Subsid Legendary Pictures, which has been a longtime co-financing and production partner at Warner Bros., is also poised to leave the fold. Robinov and Legendary CEO Thomas Tull have had a tumultuous relationship over issues such as creative control. The relationship began to deteriorate once Horn (now chairman of Disney Studios) was forced out in 2011.

Robinov joined Warner Bros. Pictures in 1997, following five years as a lit agent at ICM, where he repped writers and directors including the Hughes brothers, Wachowski siblings, Chris McQuarrie and McG. He’s known for his talent relationships with certain filmmakers like Ben Affleck, Zack Snyder and Christopher Nolan.

While “Man of Steel” had a strong opening and “The Hangover Part III” has performed solidly, tracking for Warner Bros.’ big-budget July 12 release “Pacific Rim,” of which Legendary owns 75%, has been weak. WB is coming off of a disappointing first quarter, with a string of box office misfires, among them “Gangster Squad” and New Line Cinema’s “Jack the Giant Slayer” and “The Incredible Burt Wonderstone.”

Warner Bros. has high hopes for New Line’s “The Conjuring,” which bows July 19 and has had solid response from early test screenings. “We are The Millers,” also from New Line, opens later this summer.

(Dave McNary contributed to this report)

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  1. Bazzy says:

    Argo is amazing. Gatsby is Spectacular. Man of Steel is breathtaking.

    I like Robinov because he raised a lot of money, over 2 mil for MS research, which my relative is battling. When I saw his tape
    at the fundraiser I did my research. A solid executive. Nolan got up and introduced him for the award. My whole table of middle-aged comic geeks was star struck. A memorable event. A legendary exec. He will be fine.

  2. One Sad Producer says:

    For what it’s worth, having worked with Jeff R. while producing a film at WB, he is one of the smartest, straight-shooting and competent high level execs in the business. He is committed to your project, ensuring you get what you need to do it right. In my experience, if you do your job well, there’s no better studio head that cheers you on and watches your back. Anyone who says differently, should probably look in the mirror and ask was I doing my job. This is a HUGE loss, and unfortunately a game-changer for the future of WB and possibly the entire studio business, as one of the LAST truly filmmaker centric studios folds into its new corporate agenda trying to navigate the future… Very sad. If I am Paramount/Viacom I do WHATEVER needs to be done to bring Jeff R. in to make great movies again. Jeff has done a remarkable job, one that’s incredibly tough, fraught with high stakes, LOTS of knives and land mines, and WB Company upheaval for the past three years.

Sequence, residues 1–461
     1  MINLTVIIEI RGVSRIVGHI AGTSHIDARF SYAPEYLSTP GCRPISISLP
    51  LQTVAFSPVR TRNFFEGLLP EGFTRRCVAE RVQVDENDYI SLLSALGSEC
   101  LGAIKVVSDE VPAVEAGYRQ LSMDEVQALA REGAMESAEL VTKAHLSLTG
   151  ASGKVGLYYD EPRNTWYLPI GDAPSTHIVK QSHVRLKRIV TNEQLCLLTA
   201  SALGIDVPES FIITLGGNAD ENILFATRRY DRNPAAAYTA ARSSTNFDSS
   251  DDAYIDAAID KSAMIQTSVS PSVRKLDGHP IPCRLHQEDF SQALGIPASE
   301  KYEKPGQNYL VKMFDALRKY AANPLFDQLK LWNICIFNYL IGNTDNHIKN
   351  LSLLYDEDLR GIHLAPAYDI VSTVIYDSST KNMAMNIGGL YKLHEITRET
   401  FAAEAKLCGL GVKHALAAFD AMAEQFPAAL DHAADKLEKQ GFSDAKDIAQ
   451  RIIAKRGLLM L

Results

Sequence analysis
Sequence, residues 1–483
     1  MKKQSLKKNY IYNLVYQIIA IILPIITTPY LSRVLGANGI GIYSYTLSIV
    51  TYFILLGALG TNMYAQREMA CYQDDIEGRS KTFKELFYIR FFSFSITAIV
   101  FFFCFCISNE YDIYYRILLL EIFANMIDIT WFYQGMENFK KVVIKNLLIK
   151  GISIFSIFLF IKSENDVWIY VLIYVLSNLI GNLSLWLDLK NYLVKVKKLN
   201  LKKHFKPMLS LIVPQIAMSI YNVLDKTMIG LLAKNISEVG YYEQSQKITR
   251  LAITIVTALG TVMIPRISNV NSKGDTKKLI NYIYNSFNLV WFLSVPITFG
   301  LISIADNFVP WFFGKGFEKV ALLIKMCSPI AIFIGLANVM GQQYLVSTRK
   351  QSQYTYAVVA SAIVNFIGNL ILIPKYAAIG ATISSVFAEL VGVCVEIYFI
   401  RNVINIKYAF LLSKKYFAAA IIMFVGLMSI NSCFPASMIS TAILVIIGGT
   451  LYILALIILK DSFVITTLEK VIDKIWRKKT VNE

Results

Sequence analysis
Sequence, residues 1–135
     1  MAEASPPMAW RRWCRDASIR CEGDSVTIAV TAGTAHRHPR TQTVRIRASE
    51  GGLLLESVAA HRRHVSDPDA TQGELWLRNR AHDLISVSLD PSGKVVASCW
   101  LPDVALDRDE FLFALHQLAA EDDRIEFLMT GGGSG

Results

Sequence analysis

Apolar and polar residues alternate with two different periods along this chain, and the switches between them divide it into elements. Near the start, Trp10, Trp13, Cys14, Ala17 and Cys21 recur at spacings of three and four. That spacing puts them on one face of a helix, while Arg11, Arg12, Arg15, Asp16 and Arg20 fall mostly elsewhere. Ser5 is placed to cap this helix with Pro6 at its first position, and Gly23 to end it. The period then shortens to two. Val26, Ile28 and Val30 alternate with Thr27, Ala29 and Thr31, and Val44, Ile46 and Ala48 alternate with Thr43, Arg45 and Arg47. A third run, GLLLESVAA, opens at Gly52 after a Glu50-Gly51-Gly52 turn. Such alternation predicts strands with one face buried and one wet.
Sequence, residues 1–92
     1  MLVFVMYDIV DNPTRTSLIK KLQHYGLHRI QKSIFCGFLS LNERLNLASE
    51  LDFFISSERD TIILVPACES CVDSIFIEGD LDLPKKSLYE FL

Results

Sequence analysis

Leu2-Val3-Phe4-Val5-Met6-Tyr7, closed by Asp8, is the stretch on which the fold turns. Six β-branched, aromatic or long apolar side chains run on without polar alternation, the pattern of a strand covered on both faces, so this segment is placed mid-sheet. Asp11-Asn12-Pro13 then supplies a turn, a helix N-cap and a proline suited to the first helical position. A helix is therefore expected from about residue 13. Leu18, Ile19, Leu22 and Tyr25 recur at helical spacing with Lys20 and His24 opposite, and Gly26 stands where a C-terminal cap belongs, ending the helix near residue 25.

3. Shafted says:

    First Paula Dean and now Jeff? I didn’t know he made racist comments too!

  4. HS says:

    I remember when Robinov was a lowly assistant at some crappy little nameless production company on La Cienega. I imagine he’s scrubbed that job from his vitae long ago. He was relentlessly hungry and seemed like a cliche straight out of “What Makes Sammy Run?” Wherever he lands after the Bros. Warner, it will be on his feet and already running to get ahead.

  5. Jeff Robinov’s has no desire to work as a producer; and with no passion to produce films, his wish is only to serve not as an executive, but a TOP executive within the film studio system: in other words, a man in service to his own ego. Perhaps, given the right circumstance, we all are also guilty of this sort of vainglory. However, Robinov’s background is not so much having gut-instinct about filmwork as much as relating to talent. Mostly, of course, it’s about money. Who can blame him? To rub shoulers with the gods…and get paid for it. Robinov can show up everyday and not do a damn a thing. Nice work, if you can ge it.

    • JAM says:

      Perhaps, and its just a thought that his tumultuous relationship with Mr. Tull who is considering his future business relationship with the studio is also a factor…. After all Mr. Tull is a financier..who helps mitigate the studio risk….”Show me the Money” and money talks and BS walks……

  6. No love lost there — any studio head so brazen and obdurate enough as to declare “We are no longer doing movies with women in the lead” should have never been hired in the first place.

    • Kory Stephens says:

      Indeed!

      Catwoman, Constantine, Jonah Hex, Green Lantern and now Man of Steel all happened on his watch plus the current state of DC Comics. Robinov will not be missed.

  7. Reality Oh Yeah says:

    Plus of course the fact that Man of Steel’s box means little when it is so solidly loathed by those who don’t rubber stamp anything attached to the Nolan name, any big budget undertaking involving geek franchises like comic book characters, and anything that performs well opening weekend. Eliminating those automatic 5-stars, the Meta Critic and Rotten Tomatos verdict goes from mixed to dismal, and making the worst possible foundation for an Avengers-style mega-movie operation for DC/Warner Bros. Any smart man would be running away from the trainwreck as fast as he can.

  8. machavilli says:

    Sad to see someone everyone seems to have gotten along well with the wise leave a good company

    • Karmah says:

      Maybe he’ll receive a parting ‘gift’ box of 64 crayola crayons to color with since he’ll seem to have… “a lot of spare time on his hands.”